Condominium associations in Alabama have faced considerable confusion regarding the proper procedure for foreclosing on residential units for unpaid assessments.  That confusion stemmed from the existence of two separate statutory foreclosure procedures under the Alabama Code.

Alabama Code Section 35-8-17 provides that a condominium association shall have a lien on each unit for unpaid assessments duly made by the association, and that the lien shall be effective from and after the time the lien is recorded in the public records of the county where the unit is located.  The section then grants condominium associations the power to foreclose on those recorded liens “by an action brought in the name of the association in the same manner as a foreclosure of a mortgage on a real property.”

Alabama Code Section 35-8A-316 likewise grants condominium associations liens against the subject units for unpaid assessments.  It provides that the lien “may be foreclosed in like manner as a mortgage on real estate but the association shall give reasonable advance notice of its proposed action to the unit owner and all lienholders of record of the unit.”

In Ex parte Howard Ross, Case No. 1120636 (Ala. April 4, 2014), the Alabama Supreme Court addressed the relationship between these two statutes.  In Ross, the association conducted a power of sale foreclosure on several units owned by Ross for unpaid assessments.  Ross challenged that foreclosure, arguing that the association had failed to give him adequate notice under as required by Ala. Code 35-8A-316.  The Association responded that it had filed liens against the units with the probate court and published notice in the newspaper, and so it had satisfied the requirements to foreclose under Ala. Code 35-8-17.  Based on this argument, the trial court granted summary judgment for the Association.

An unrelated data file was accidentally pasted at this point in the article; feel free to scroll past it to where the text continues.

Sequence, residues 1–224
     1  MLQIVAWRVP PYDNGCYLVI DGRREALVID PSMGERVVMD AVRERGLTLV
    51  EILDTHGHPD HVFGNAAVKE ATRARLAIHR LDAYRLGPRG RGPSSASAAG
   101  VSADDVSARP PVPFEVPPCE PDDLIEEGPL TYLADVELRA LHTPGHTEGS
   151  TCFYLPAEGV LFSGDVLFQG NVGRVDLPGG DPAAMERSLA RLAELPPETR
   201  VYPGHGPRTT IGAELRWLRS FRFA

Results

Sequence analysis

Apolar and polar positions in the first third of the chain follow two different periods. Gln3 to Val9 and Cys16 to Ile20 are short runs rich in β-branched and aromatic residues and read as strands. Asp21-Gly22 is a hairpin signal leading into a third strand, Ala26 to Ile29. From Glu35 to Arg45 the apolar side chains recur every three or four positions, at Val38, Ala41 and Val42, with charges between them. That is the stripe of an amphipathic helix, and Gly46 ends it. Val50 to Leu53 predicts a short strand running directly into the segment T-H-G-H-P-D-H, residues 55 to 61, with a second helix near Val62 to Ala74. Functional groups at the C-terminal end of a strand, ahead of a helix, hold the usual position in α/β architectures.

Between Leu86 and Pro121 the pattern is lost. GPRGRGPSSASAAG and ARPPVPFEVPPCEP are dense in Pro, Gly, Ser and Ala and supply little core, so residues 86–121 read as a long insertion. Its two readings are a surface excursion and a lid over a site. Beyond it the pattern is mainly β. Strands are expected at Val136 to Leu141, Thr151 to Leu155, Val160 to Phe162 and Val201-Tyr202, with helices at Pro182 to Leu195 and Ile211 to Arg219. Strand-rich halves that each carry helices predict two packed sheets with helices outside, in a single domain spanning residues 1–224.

In a matter of first impression, the Alabama Supreme Court rejected the Association’s argument that it satisfied the notice requirement for foreclosure under 35-8A-316 by filing a lien in the probate court records as required by 35-8-17.  Instead, the Court concluded that 35-8A-316 and 35-8-17 constitute two wholly separate methods for foreclosing on condominium units with different requirements.

Under 35-8A-316, a condominium association may foreclose on a unit for an unpaid assessment if it has provided “reasonable advance notice” to the “unit owner.”  Where such notice has been provided, the foreclosure can be through the exercise of a non-judicial power of sale clause. In contrast, Section 35-8-17 only requires the filing of a lien in the public records of the county and do not require advance notice to the unit owner.  However, the Association must pursue a judicial foreclosure and cannot foreclose simply by exercising a power of sale provision.

The Ross decision provides clarity on the procedures a condomium association must follow if it seeks to foreclose on a unit for unpaid assessments.  Whether the Association selects to foreclose through 35-8A-316 or 35-8-17 will depend on the circumstances.  If the Association has contact with the owner and believes it can establish notice to him, it may want to foreclose through the expedited procedures generally applicable under a power of sale provision.  If the Association has lost contact with the owner, or does not have a power of sale clause with the unit owner, however, it will want to use the judicial foreclosure procedures provided by 35-8-17.